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Editor Interview: Read Short Fiction

This interview is provided for archival purposes. The listing is not currently active.

Q: Describe what you publish in 25 characters or less.

A: Short reads that pop.

Q: What other current publications (or publishers) do you admire most?

A: The Battered Suitcase, Word Riot, Barbaric Yawp, State of Imagination, Shock Totem, Shroud, ESC! Magazine, Toasted Cheese, Mipoesis, The Smoking Poet, Morpheus Tales, Vagabondage Press Books, Dark Opus Press

Q: If you publish writing, who are your favorite writers? If you publish art, who are your favorite artists?

A: Ernest Hemingway, Edgar Allan Poe, Junot Diaz, Sigrid Nunez, Carlos Fuentes, William Faulkner, Mark Twain, Timothy Zahn, Alison Lurie, Jeanne Mackin, Shirley Jackson, Koji Suzuki, Haruki Murakami, Kazuo Ishiguro, José Saramago, Daniel Pearlman, Paul Tremblay, Margaret Weis and Tracy Hickman, H.G. Wells, Jules Verne, Ray Bradbury

Q: What sets your publication apart from others that publish similar material?

A: Our take: Good story spans genre and form, which is why we publish in every genre (except erotica--but we do like spice within the context of a story); in addition, the characters that speak in our journal are those rarely represented--the tornado-chaser's wife, the anti-hippie, the inconvenienced deity, the adulterous academic. We do a cover image for every story and set it prominently on our home page. We believe short stories are stand-alone entities and don't need to be part of a collection. We're jazzed by reader-response theory and express that by allowing feedback on each published piece.

Q: What is the best advice you can give people who are considering submitting work to your publication?

A: We're pretty approachable--feel free to write to us if you have questions about anything. We love odd characters and out-of-the ordinary situations, but we're not limited. We know that our submission guidelines are lax, so we do reject stories that don't follow them.

Q: Describe the ideal submission.

A: We love stories that we finish reading and say, "Wow!" We know this sounds vague, but writers know when they've potentially created these pieces and we want to be on their short list.

Q: What do submitters most often get wrong about your submissions process?

A: Including attachments. Please no attachments. Paste into e-mail only.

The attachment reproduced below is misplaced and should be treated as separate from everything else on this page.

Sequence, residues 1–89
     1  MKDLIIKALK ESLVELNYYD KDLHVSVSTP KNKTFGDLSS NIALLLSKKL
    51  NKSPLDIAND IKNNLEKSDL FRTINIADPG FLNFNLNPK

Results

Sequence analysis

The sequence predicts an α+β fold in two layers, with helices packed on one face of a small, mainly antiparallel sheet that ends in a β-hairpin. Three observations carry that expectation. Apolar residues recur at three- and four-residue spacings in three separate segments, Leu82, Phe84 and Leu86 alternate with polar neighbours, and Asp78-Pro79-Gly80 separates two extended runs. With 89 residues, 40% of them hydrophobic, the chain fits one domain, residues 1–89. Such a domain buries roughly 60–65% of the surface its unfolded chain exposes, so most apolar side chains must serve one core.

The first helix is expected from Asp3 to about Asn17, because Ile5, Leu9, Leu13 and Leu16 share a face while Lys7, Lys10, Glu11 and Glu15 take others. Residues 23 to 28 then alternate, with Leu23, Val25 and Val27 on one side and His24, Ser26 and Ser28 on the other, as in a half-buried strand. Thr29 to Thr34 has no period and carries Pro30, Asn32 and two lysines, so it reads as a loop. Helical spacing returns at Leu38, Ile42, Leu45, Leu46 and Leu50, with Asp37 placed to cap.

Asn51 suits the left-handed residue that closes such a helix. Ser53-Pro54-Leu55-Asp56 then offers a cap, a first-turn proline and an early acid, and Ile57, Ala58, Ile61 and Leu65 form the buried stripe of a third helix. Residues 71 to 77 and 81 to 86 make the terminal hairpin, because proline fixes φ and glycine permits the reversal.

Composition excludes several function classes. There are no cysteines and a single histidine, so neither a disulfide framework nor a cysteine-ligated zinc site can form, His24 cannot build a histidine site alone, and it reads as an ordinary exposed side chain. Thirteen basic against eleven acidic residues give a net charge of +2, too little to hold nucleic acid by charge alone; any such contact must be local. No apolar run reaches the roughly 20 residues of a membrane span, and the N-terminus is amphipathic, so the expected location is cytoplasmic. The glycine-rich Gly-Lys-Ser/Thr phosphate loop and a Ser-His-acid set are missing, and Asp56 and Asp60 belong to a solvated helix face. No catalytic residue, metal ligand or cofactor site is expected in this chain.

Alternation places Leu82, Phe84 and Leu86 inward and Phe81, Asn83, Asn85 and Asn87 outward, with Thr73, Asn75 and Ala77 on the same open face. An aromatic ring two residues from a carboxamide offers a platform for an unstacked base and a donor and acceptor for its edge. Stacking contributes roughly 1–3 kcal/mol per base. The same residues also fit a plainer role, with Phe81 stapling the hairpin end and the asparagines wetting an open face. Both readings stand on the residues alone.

Q: How much do you want to know about the person submitting to you?

A: Don't bother with a heavily-crafted cover letter -- a brief "hello," a couple of details (word count, was it published anywhere else), and a bio are just fine. Please ensure, however, the bio you send includes some previous credits, if any.

Q: If you publish writing, how much of a piece do you read before making the decision to reject it?

A: Each submission gets our full attention; because of the sheer volume of submissions we receive, however, we do check after the first few paragraphs to determine if the piece is a good fit for us before finishing reading.

Q: What additional evaluations, if any, does a piece go through before it is accepted?

A: We're on the two-thumbs-up system: both of us need to enthusiastically say "yes!"

Q: What is a day in the life of an editor like for you?

A: We do things the old-fashioned way: meet over dinner, although it's all pretty informal.

Q: How important do you feel it is for publishers to embrace modern technologies?

A: We remember the days back in the late 1990s when the earliest e-zines weren't considered CV-worthy, and when email submissions (nevermind non-existent submissions managers!) were avant-garde. We also remember, even as recently as the mid-2000s, when simultaneous submissions were a no-no for almost every market. We waited for people to embrace change, and they did...and for that reason, we are supporters of POD and other new publishing models that not only are more earth-friendly, but also create more opportunity. Do we love traditional? Sure...we have housefuls of books! But we also love and believe in change and growth.